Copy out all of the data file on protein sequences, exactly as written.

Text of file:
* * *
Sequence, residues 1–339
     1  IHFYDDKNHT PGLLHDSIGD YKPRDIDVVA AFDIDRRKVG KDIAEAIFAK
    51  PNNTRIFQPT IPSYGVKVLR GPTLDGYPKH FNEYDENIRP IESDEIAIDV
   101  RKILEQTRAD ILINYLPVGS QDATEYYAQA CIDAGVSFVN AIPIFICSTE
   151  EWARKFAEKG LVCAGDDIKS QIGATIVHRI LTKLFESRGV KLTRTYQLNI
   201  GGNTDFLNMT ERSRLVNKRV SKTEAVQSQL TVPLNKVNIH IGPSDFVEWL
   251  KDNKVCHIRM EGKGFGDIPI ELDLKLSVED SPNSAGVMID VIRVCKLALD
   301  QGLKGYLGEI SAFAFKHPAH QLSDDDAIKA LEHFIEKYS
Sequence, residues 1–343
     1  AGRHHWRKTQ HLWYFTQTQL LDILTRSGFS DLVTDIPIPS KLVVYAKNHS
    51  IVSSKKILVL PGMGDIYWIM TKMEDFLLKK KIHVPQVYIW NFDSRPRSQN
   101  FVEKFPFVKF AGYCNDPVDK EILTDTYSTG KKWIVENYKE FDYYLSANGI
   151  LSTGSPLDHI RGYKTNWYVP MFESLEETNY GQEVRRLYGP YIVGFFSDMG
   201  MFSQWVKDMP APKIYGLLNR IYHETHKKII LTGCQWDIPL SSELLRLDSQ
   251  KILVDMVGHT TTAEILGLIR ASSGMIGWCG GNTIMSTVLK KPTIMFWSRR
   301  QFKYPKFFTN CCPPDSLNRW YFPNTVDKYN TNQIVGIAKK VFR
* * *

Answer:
Sequence, residues 1–339
     1  IHFYDDKNHT PGLLHDSIGD YKPRDIDVVA AFDIDRRKVG KDIAEAIFAK
    51  PNNTRIFQPT IPSYGVKVLR GPTLDGYPKH FNEYDENIRP IESDEIAIDV
   101  RKILEQTRAD ILINYLPVGS QDATEYYAQA CIDAGVSFVN AIPIFICSTE
   151  EWARKFAEKG LVCAGDDIKS QIGATIVHRI LTKLFESRGV KLTRTYQLNI
   201  GGNTDFLNMT ERSRLVNKRV SKTEAVQSQL TVPLNKVNIH IGPSDFVEWL
   251  KDNKVCHIRM EGKGFGDIPI ELDLKLSVED SPNSAGVMID VIRVCKLALD
   301  QGLKGYLGEI SAFAFKHPAH QLSDDDAIKA LEHFIEKYS
Sequence, residues 1–343
     1  AGRHHWRKTQ HLWYFTQTQL LDILTRSGFS DLVTDIPIPS KLVVYAKNHS
    51  IVSSKKILVL PGMGDIYWIM TKMEDFLLKK KIHVPQVYIW NFDSRPRSQN
   101  FVEKFPFVKF AGYCNDPVDK EILTDTYSTG KKWIVENYKE FDYYLSANGI
   151  LSTGSPLDHI RGYKTNWYVP MFESLEETNY GQEVRRLYGP YIVGFFSDMG
   201  MFSQWVKDMP APKIYGLLNR IYHETHKKII LTGCQWDIPL SSELLRLDSQ
   251  KILVDMVGHT TTAEILGLIR ASSGMIGWCG GNTIMSTVLK KPTIMFWSRR
   301  QFKYPKFFTN CCPPDSLNRW YFPNTVDKYN TNQIVGIAKK VFR